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I was reading up on the performance of the .Net garbage collector, and I'm building a set of inter-referencing classes for my data model. I have implemented Delete() methods to dereference the object from all connected objects, ensuring that the object will be collectable.

While I do not currently know if this will be an issue for my application, I got to thinking about what would happen to objects that are promoted to later generations and then deleted. It is possible then that they would remain in memory for a long time.

Is it possible to tell the Garbage Collector that a particular object should be 'demoted' and freed during the next Gen0 collection?

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Sure, just set the reference to the object to null. Or remove it from a collection, the more typical scenario. It isn't clear from your question which is appropriate but a Delete() method hints at the latter. No additional help is required. Objects getting promoted to a later generation is not a problem. They just stay in memory a bit longer. Which is okay, they got promoted because they stayed in memory a bit longer in the first place. –  Hans Passant Aug 17 '13 at 14:33
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2 Answers

up vote 1 down vote accepted

One of the optimisations possible with a garbage collector is to leave objects unreferenced objects in memory for as long as possible thus deferring collection until it is absolutely necessary. This can yield fewer collections and will mutualise the cost of the collection across more objects/memory.

Is it really a problem if your objects remain in memory for a long time after being dereferenced? If your machine has enough free memory and your application's footprint after dereferencing is not growing is there really a downside?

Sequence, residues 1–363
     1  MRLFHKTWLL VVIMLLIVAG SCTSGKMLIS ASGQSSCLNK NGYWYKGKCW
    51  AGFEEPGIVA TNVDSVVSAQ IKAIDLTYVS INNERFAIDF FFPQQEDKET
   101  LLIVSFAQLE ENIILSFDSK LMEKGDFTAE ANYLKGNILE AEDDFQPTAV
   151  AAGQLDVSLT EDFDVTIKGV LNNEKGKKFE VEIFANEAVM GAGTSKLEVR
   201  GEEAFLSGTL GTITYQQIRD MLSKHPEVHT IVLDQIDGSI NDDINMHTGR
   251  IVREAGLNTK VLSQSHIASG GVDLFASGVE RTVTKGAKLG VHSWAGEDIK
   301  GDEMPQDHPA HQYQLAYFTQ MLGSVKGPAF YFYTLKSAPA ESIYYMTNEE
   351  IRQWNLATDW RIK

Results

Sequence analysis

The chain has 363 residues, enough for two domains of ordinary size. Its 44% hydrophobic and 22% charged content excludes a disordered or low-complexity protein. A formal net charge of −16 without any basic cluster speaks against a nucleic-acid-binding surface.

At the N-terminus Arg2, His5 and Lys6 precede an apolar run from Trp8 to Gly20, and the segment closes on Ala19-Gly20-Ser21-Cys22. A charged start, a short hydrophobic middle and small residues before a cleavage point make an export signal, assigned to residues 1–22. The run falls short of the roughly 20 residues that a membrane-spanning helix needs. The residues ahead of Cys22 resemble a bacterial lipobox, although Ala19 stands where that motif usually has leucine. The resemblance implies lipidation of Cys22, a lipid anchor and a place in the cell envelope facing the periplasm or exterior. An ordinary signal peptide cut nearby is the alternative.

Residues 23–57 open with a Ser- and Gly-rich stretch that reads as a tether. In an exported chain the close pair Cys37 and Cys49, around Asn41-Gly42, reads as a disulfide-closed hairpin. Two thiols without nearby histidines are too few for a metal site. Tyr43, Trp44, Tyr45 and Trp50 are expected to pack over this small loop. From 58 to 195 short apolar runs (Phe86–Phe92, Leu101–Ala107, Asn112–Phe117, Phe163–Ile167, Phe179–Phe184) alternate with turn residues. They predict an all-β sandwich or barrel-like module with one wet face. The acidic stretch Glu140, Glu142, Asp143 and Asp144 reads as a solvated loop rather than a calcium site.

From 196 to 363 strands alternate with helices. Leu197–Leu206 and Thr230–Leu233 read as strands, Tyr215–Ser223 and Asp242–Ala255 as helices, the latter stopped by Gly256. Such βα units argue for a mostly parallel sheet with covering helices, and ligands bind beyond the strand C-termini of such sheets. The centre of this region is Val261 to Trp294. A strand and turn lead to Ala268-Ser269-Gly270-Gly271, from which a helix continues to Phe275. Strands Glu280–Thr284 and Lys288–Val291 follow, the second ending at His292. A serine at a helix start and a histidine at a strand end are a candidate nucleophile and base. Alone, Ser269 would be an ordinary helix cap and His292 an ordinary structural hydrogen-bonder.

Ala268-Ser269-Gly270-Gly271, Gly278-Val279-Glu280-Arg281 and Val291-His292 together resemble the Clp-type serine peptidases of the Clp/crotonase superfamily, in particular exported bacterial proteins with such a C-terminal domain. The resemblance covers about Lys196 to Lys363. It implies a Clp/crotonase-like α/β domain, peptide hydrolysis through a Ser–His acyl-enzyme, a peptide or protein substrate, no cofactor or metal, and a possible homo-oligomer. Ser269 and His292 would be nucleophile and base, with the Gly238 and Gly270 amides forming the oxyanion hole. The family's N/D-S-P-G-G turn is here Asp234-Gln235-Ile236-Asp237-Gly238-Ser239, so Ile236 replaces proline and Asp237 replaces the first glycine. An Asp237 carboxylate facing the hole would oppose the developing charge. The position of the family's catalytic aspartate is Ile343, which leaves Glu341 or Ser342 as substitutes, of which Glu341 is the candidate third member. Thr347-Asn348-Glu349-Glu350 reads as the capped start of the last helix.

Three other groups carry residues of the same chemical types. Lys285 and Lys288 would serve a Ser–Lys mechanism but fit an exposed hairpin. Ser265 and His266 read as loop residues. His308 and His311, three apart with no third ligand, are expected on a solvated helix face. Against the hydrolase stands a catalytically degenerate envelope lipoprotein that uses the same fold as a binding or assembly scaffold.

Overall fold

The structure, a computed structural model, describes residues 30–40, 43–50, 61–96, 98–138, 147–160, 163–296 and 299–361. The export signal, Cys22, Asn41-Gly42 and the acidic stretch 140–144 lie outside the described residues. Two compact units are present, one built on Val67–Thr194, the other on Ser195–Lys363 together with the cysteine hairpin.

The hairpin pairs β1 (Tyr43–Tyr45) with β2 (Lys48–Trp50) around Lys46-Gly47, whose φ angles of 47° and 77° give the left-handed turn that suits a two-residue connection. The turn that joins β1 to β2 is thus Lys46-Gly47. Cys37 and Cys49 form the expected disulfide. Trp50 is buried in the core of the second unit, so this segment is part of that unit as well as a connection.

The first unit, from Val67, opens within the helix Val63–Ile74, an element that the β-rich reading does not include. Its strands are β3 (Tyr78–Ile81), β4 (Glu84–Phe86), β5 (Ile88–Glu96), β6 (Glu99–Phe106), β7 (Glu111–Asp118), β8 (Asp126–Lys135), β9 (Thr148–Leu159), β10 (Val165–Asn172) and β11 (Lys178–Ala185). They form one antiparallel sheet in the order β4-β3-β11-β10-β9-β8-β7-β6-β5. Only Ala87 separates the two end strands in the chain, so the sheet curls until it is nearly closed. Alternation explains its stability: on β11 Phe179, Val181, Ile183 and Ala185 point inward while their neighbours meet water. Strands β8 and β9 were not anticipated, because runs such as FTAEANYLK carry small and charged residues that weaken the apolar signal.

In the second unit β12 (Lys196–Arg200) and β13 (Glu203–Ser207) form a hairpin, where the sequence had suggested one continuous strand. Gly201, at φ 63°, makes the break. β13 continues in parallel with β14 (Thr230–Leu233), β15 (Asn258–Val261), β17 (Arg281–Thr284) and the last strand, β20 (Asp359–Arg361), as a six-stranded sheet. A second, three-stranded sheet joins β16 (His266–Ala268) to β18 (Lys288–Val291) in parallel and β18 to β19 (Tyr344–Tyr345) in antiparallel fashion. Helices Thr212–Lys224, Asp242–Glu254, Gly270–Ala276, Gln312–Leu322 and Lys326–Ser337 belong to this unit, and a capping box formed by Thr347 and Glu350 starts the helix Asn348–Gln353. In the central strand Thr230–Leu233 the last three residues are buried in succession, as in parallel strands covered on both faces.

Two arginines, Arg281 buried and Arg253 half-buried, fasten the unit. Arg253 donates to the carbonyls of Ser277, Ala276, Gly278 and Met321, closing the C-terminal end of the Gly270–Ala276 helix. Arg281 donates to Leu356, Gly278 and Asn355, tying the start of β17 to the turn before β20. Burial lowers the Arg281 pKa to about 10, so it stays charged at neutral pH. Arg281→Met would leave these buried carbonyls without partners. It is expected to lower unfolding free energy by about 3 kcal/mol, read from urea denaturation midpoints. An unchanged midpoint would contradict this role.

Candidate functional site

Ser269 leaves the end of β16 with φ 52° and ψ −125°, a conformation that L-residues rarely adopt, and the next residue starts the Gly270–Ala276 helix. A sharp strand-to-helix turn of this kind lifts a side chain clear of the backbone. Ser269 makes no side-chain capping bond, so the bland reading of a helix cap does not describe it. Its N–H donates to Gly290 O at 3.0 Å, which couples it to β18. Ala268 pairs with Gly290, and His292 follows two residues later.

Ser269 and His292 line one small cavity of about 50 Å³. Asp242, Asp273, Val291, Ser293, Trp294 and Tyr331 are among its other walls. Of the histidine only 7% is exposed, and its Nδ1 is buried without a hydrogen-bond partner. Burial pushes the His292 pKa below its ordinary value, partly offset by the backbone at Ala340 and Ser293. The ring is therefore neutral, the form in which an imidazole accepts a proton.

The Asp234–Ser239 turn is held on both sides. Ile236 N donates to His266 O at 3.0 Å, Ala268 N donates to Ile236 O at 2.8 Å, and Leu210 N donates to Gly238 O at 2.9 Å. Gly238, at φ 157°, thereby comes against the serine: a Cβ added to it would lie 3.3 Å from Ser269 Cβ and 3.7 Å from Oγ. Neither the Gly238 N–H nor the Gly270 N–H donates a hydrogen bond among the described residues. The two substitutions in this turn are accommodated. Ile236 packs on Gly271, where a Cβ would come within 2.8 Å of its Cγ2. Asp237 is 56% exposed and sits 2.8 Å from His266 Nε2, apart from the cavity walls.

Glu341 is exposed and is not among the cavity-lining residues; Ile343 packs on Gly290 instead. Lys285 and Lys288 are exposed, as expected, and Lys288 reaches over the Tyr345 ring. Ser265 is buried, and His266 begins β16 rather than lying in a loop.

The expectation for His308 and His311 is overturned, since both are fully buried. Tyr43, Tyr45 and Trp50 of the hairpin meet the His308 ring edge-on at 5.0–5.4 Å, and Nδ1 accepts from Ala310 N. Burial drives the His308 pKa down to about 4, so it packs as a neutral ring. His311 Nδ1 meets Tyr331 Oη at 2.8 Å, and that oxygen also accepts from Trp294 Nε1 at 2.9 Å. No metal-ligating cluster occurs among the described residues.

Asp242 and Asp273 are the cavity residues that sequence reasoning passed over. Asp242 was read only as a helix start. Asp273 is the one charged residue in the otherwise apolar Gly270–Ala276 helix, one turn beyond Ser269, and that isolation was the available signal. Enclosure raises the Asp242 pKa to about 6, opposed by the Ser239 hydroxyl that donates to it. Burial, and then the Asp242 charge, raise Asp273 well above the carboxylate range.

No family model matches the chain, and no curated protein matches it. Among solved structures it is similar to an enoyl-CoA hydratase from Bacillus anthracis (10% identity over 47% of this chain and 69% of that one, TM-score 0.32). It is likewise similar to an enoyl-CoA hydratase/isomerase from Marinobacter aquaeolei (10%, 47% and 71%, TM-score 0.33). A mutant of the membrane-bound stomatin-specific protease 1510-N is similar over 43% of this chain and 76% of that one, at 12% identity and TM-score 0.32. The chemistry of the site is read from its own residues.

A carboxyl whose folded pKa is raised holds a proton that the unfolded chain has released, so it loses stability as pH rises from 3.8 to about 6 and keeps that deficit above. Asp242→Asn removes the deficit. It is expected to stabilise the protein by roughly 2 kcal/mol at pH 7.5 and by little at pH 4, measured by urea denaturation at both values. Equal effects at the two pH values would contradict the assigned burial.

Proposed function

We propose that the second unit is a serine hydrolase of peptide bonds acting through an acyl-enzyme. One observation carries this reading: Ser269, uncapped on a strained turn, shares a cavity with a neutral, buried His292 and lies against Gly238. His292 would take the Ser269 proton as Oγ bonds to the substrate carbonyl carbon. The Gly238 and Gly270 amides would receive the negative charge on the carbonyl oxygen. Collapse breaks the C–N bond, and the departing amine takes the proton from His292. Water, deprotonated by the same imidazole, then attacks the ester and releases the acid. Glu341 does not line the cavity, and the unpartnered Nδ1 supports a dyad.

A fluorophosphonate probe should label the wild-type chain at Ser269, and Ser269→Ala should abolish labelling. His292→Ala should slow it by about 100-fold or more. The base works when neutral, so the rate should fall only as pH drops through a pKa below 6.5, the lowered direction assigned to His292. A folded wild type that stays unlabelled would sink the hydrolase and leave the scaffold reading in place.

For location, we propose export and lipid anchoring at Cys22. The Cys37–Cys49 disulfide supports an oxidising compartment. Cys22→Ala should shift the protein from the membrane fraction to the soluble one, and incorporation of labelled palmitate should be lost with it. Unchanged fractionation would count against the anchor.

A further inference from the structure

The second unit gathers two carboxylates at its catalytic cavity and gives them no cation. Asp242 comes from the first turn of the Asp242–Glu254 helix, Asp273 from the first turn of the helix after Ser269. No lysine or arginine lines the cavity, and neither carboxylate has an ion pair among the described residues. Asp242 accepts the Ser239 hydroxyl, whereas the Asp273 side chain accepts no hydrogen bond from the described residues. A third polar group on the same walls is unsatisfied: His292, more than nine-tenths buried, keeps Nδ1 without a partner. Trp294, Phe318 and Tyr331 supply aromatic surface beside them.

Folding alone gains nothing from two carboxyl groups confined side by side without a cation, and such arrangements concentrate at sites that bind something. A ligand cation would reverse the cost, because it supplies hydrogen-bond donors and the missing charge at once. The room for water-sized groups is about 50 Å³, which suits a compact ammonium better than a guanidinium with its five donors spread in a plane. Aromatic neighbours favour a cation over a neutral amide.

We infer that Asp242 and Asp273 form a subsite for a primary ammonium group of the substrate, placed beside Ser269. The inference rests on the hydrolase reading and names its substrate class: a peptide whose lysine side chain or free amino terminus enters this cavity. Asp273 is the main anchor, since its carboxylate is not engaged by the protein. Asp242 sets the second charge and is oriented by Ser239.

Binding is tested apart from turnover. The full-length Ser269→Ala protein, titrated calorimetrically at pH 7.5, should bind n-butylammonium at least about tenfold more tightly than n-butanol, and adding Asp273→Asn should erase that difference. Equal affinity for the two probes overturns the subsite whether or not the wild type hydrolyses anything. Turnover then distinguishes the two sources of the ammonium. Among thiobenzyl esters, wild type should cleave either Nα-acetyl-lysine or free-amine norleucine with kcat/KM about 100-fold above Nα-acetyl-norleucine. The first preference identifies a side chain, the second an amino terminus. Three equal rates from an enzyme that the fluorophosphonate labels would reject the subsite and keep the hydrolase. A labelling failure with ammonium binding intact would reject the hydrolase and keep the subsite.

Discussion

The collection cost is a guaranteed cost whereas the cost of using extra memory is not certain - it may or may not impact your program/other programs. The key point of this optimisation is that we give up a certain cost in exchange for an uncertain one.

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I'd vote up, but I don't have enough reputation yet. Thanks for the explanation. But would it be helpful for the GC to know (in a hypothetical new revision of it) how much memory was available within a generation prior to attempting collection? Or does it have ways to guess at that already? –  Nick Bauer Aug 16 '13 at 22:20
    
I'm not sure I understand your question, the collector always knows how much memory is available within a generation prior to collection - not enough to be able to allocate more objects to that generation. –  Slugart Aug 17 '13 at 15:04
    
But it doesn't know how much memory in a generation is used up by garbage until it goes to collect it. It seems to me that it is possible for the GC to undergo many Gen0 collections continually when it could do a single Gen0+1 or Gen0+1+2 collection and reclaim much more memory, resulting in fewer collections to free the same amount of memory. –  Nick Bauer Aug 31 '13 at 23:14
    
Except that the point of having multiple generations is to avoid having to collect the full heap each time (even if it would result in fewer collections). Gen 0 collections are inexpensive relative to the later generations as gen 0 will only contain recently created objects. On the other hand gen 1 collections will only be triggered after a gen 0 collections promotes objects and there is not enough space in the gen 1 heap to allocate store them. –  Slugart Sep 1 '13 at 11:10
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Aside from removing references to your object calling GC.Collect, you cannot manually interact with the GC.

Regarding this quote:

While I do not currently know if this will be an issue for my application, I got to thinking about...

When it comes to GC in a managed language, until it's a problem, stop thinking about it. If you don't have a detailed understanding of the particular algorithms in use in the particular GC for your particular runtime, then you are more likely to hurt the performance of your application than help it by trying to modify the default behavior of the GC.

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Thanks for the explanation. I'd vote up but I'm still too new. I guess I was more thinking of a way to hint to it that memory was available which it could take into account in deciding when to collect. –  Nick Bauer Aug 16 '13 at 22:25
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